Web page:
EU plan for Ukraine ammunition stuck on details – Politico
The “historic” agreement to deliver two billion euros ($2.14 billion) worth of artillery ammunition to the Ukrainian military is still being worked out, Politico reported on Wednesday, citing diplomats involved in the negotiations. Concerns over who will get the money are reportedly the main bone of contention.
The plan, unveiled on March 20, envisioned the delivery of one million 155mm shells to Ukraine over the next 12 months. A package of one billion euros was earmarked for compensating EU members who would dip into their own stockpiles, and another billion for getting new shells made by military contractors, with orders organized and fast-tracked by the EU Defence Agency.
The problem now is figuring out which contractors, according to the pro-NATO outlet.
France is reportedly insisting that only EU companies should be considered, but there is legal uncertainty as to who actually qualifies as an EU company. Greece and Cyprus are in alignment with the French position, which diplomats have attributed to a desire to avoid giving orders to Türkiye.
Meanwhile, the European Commission also needs to “map out the capacity” of the bloc’s defense industry before finalizing the deal, as expanding production may be easier said than done.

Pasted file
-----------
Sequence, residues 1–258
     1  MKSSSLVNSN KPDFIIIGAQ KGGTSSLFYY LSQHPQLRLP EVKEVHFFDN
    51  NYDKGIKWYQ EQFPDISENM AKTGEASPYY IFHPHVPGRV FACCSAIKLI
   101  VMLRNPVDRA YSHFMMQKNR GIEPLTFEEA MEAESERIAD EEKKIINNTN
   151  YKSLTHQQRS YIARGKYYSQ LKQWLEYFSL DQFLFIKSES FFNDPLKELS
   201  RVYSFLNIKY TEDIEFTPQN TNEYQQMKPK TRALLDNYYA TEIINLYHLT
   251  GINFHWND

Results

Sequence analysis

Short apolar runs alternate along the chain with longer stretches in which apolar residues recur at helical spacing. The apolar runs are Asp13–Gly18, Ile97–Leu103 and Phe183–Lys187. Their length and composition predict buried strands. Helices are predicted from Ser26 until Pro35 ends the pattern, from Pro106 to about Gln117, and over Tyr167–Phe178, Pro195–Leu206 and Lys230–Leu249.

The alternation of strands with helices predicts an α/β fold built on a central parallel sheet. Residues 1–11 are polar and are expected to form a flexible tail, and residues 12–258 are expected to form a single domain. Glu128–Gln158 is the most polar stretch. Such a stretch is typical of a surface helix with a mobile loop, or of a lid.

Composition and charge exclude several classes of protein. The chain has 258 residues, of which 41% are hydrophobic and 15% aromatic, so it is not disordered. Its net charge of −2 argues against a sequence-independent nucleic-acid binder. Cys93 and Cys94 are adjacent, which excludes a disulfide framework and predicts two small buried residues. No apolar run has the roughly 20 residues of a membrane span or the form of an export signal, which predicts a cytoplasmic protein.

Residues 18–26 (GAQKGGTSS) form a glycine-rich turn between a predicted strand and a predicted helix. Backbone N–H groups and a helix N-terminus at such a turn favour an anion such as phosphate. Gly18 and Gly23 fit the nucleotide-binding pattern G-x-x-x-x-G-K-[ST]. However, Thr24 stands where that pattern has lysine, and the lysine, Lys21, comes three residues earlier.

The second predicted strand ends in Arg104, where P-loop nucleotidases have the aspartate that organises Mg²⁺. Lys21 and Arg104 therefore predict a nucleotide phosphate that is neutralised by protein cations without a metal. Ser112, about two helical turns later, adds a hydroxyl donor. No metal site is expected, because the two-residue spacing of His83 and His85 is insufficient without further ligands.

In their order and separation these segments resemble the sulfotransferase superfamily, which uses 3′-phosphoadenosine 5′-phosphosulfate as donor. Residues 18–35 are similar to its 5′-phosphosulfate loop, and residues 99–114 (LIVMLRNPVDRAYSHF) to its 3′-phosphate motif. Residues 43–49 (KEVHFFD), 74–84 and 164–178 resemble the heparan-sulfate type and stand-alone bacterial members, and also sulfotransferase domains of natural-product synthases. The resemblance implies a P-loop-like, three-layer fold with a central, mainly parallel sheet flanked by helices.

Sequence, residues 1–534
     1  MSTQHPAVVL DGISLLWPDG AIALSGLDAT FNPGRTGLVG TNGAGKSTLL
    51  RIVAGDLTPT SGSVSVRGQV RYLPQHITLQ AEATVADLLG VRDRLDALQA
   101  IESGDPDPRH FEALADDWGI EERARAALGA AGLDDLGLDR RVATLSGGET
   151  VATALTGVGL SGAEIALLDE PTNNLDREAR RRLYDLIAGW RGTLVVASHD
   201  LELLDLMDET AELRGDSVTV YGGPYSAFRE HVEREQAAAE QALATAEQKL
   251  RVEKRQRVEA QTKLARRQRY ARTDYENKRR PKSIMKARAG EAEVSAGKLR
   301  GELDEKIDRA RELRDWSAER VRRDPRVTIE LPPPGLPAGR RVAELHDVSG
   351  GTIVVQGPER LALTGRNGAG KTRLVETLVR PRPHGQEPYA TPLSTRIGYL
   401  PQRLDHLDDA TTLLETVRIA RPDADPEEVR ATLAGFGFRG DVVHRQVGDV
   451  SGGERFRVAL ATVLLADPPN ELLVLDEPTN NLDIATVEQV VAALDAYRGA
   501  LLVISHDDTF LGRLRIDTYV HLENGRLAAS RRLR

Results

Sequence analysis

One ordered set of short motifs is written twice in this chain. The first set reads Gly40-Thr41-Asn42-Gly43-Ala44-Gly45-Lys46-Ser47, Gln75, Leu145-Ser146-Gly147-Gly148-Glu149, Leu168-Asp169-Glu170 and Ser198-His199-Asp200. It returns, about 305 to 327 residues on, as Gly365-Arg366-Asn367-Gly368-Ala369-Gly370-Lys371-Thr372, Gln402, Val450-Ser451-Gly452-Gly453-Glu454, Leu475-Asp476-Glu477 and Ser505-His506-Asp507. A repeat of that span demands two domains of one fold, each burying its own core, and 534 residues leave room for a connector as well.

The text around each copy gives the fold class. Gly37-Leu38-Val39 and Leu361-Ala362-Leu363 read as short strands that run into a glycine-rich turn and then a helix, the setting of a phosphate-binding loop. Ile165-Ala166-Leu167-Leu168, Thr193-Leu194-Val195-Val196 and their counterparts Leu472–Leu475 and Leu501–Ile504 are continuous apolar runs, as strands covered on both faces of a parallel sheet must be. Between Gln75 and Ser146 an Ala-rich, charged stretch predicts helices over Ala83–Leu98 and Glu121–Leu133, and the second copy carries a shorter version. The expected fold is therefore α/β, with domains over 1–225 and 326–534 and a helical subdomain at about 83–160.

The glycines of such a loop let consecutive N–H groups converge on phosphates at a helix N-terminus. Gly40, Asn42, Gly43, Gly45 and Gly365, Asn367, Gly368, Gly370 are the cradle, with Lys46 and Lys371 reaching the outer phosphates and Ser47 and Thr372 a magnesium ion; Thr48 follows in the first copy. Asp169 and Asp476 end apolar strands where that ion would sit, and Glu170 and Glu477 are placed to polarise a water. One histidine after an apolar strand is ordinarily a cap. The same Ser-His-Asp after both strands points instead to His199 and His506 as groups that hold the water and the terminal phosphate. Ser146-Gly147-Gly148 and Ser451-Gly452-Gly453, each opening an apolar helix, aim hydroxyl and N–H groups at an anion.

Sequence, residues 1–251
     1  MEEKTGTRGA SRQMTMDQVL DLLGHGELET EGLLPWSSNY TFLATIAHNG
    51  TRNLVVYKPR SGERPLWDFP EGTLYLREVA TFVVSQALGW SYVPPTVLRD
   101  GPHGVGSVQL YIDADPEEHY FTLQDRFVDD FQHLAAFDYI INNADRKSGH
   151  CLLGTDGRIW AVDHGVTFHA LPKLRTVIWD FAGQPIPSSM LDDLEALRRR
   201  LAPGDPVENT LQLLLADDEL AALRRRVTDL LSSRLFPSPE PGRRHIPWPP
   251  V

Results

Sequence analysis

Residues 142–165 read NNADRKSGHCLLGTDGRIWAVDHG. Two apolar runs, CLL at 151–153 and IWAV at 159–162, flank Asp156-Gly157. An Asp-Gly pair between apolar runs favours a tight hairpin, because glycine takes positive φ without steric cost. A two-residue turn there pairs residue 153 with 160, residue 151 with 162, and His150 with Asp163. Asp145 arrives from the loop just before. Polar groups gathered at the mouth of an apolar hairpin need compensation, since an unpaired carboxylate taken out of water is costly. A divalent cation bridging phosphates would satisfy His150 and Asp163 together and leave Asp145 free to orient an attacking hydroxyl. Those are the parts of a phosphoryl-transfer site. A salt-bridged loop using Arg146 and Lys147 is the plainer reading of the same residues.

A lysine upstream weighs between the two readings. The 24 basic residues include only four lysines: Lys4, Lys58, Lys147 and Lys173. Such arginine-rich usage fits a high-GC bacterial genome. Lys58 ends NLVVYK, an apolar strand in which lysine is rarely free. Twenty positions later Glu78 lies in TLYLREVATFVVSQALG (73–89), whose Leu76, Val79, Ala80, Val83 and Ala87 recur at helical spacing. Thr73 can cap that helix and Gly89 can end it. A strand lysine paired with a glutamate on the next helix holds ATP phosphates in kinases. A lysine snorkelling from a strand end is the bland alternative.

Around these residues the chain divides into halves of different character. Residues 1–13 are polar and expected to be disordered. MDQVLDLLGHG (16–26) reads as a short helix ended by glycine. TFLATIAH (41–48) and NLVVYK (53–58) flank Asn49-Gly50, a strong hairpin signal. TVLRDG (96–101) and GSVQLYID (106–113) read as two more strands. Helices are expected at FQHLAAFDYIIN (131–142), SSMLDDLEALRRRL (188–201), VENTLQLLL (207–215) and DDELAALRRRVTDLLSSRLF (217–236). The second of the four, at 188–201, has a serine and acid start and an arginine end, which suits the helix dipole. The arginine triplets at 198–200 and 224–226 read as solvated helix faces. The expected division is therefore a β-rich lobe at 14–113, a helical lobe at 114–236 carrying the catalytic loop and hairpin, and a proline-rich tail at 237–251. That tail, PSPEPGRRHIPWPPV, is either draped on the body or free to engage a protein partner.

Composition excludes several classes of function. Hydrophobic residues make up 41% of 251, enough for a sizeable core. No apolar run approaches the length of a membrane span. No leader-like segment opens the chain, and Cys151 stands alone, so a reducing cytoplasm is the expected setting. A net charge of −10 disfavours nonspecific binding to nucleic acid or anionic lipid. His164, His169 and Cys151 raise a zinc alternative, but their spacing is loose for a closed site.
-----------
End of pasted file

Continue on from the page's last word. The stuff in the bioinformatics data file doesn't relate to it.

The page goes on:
EU ambassadors who met on Wednesday weren’t able to make significant progress, several diplomats with knowledge of the negotiations told Politico. They did manage to finalize the text of the agreement to collect ammunition donations, however, which should be published next week.
EU foreign policy chief Josep Borrell had proposed the ammunition plan, arguing in February that it was the most important issue. “If we fail on that, the result of the war is in danger,” he said at the time.
The US, EU and NATO have all insisted they were not participants in the conflict, while also arguing that Ukraine must win and Russia “must lose.” Moscow has repeatedly warned the West to stop “stuffing” Kiev with arms and ammunition, arguing that they are only delaying the inevitable while risking open confrontation.
Russia has already increased its own ammunition production, tripling the number of shells the US and EU plan to supply Kiev over a year-long period, President Vladimir Putin said last week.